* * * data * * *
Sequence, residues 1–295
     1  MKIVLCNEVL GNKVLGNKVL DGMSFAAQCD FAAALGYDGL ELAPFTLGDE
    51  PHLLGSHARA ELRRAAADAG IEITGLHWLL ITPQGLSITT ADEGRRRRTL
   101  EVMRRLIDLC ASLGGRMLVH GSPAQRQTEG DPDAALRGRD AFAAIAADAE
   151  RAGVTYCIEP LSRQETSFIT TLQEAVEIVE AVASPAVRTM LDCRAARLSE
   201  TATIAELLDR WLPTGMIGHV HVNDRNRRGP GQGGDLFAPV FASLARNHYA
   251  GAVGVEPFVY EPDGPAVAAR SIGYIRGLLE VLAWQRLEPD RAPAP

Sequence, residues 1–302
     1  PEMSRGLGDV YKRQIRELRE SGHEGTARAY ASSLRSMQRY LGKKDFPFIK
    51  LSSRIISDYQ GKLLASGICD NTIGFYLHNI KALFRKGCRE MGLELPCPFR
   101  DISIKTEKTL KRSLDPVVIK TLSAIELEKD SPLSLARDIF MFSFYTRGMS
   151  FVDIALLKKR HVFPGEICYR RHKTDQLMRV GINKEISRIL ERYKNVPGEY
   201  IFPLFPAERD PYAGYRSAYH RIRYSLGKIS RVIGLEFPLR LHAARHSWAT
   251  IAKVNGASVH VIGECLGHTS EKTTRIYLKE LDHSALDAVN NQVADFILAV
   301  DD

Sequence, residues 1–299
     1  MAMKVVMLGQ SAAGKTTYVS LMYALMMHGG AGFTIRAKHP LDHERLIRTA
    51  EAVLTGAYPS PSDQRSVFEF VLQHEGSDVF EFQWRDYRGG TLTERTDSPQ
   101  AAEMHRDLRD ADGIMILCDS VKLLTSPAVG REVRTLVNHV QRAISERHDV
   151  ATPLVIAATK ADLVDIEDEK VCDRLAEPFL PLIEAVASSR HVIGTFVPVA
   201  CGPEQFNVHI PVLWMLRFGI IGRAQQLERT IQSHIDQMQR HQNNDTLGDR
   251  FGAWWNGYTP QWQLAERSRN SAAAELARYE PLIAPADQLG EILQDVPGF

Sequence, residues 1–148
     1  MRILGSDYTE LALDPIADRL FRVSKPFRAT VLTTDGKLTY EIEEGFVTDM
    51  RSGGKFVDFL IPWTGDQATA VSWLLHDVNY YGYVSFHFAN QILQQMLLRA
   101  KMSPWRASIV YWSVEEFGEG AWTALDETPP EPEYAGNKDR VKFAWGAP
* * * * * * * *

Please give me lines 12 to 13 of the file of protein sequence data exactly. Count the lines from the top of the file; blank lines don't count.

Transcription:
   151  FVDIALLKKR HVFPGEICYR RHKTDQLMRV GINKEISRIL ERYKNVPGEY
   201  IFPLFPAERD PYAGYRSAYH RIRYSLGKIS RVIGLEFPLR LHAARHSWAT